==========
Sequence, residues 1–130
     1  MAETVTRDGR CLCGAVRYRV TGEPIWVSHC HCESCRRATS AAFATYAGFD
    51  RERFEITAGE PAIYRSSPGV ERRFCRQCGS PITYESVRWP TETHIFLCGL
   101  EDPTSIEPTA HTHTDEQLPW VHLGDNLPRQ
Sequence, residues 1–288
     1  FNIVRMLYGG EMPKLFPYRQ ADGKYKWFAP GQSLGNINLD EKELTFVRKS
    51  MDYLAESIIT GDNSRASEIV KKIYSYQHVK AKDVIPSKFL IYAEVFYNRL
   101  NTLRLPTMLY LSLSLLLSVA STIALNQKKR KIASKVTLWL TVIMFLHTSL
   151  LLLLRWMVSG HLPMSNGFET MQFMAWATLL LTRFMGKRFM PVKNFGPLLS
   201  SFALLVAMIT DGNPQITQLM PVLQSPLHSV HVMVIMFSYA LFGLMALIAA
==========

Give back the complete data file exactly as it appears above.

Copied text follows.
Sequence, residues 1–130
     1  MAETVTRDGR CLCGAVRYRV TGEPIWVSHC HCESCRRATS AAFATYAGFD
    51  RERFEITAGE PAIYRSSPGV ERRFCRQCGS PITYESVRWP TETHIFLCGL
   101  EDPTSIEPTA HTHTDEQLPW VHLGDNLPRQ
Sequence, residues 1–288
     1  FNIVRMLYGG EMPKLFPYRQ ADGKYKWFAP GQSLGNINLD EKELTFVRKS
    51  MDYLAESIIT GDNSRASEIV KKIYSYQHVK AKDVIPSKFL IYAEVFYNRL
   101  NTLRLPTMLY LSLSLLLSVA STIALNQKKR KIASKVTLWL TVIMFLHTSL
   151  LLLLRWMVSG HLPMSNGFET MQFMAWATLL LTRFMGKRFM PVKNFGPLLS
   201  SFALLVAMIT DGNPQITQLM PVLQSPLHSV HVMVIMFSYA LFGLMALIAA